Cue-induced behavioural activation: a novel model of alcohol craving?

Pickering, Chris; Liljequist, Sture
July 2003
Psychopharmacology;2003, Vol. 168 Issue 3, p307
Academic Journal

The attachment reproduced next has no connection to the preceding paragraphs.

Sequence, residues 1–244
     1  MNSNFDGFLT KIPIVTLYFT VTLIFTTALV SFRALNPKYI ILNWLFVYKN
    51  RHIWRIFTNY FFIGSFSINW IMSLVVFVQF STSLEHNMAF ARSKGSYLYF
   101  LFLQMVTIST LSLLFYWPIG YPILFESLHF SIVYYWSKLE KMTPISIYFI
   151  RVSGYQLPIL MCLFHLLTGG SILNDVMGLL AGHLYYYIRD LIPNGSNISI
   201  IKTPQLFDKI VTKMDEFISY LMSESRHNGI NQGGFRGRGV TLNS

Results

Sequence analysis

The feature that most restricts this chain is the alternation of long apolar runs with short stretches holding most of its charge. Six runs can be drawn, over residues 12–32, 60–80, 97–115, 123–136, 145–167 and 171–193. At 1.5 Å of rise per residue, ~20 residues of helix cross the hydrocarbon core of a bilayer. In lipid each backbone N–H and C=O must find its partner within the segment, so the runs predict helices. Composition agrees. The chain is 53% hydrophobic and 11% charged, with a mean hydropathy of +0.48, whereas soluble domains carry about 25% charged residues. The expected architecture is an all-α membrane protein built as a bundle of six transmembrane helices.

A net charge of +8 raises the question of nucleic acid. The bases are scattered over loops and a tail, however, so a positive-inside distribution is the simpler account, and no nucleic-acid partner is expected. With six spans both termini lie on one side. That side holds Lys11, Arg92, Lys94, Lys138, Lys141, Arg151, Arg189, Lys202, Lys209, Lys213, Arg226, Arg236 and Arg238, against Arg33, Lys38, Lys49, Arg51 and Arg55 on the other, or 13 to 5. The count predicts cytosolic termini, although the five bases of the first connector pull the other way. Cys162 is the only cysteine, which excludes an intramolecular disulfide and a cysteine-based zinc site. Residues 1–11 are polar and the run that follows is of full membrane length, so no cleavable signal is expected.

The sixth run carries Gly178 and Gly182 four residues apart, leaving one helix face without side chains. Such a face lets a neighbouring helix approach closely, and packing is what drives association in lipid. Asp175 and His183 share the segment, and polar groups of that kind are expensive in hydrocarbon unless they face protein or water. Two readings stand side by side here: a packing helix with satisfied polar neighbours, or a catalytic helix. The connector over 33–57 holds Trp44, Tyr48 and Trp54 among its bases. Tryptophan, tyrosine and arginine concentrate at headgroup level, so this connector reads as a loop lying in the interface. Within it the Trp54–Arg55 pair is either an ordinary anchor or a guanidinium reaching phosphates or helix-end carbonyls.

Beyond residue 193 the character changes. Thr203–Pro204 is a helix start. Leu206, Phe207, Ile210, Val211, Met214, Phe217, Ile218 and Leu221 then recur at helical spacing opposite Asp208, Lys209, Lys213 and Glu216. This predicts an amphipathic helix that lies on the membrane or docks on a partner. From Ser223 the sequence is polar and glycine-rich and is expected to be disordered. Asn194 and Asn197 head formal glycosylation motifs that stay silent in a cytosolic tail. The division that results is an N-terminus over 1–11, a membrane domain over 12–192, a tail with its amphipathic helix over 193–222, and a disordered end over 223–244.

Rationale: Alcohol-associated cues elicit craving in human addicts but little is known about craving mechanisms. Current animal models focus on relapse and this may confound the effect of environmental cues. Objectives: To develop a model to study the effects of environmental cues on alcohol consumption in animals not experiencing withdrawal or relapse. Methods: Rats were trained to orally self-administer an alcohol (5% w/ v)/saccharin (0.2%) solution 30 min a day for 20 days. After stable responding on a free choice between alcohol/ saccharin and water, rats were exposed to 5, 10 or 15 min of alcohol-associated cues or 5 min of non-alcohol associated cues. The effect of a 5-min cue was measured after a 10-day break from training or pre-treatment with 0.03, 0.1 or 1 mg/kg naltrexone. Results: Rats given 5 min of alcohol-associated cues responded significantly more on the active lever (26% increase) and consumed more alcohol as verified by increased blood alcohol levels (8.9 mM versus control 7.5 mM). Ten or 15 min of cues did not change alcohol consumption and 5 min in a novel environment decreased response by 66%. After a 10-day break in training, 5 min of alcohol-associated cues still increased alcohol consumption (29% increase) and the cue effect could be dose-dependently blocked by naltrex-one (143% decrease at 0.03 mg/kg). Conclusions: Cue-induced behavioural activation was specific to alcohol cues, reproducible, persistent and could be blocked by naltrexone, and its correlation with human self-report of craving makes it a potentially useful model for studying alcohol craving.


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